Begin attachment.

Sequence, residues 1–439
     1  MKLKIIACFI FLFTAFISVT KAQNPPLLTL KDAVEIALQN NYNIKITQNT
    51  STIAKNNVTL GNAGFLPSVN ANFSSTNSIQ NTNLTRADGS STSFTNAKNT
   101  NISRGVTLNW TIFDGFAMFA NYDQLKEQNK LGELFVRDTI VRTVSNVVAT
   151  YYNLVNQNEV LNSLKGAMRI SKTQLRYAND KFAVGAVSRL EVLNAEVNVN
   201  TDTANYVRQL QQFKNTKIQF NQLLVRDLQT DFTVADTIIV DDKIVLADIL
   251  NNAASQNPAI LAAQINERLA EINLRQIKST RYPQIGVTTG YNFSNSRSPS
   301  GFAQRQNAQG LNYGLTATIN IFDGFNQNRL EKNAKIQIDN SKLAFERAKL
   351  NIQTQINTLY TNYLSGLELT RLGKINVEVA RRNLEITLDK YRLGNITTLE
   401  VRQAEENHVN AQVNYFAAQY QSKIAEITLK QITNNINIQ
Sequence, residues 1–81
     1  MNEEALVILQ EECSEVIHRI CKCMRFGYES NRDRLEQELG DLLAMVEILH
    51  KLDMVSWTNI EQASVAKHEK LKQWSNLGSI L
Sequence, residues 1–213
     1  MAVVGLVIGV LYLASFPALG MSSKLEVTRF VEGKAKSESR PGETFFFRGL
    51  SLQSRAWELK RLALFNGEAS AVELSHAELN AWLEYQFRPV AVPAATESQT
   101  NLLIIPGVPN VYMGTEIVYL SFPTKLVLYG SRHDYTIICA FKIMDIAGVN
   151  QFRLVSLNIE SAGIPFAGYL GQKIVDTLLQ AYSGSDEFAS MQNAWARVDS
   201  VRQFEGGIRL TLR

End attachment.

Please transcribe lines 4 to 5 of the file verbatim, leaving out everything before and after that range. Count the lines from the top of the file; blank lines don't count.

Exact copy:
   101  NISRGVTLNW TIFDGFAMFA NYDQLKEQNK LGELFVRDTI VRTVSNVVAT
   151  YYNLVNQNEV LNSLKGAMRI SKTQLRYAND KFAVGAVSRL EVLNAEVNVN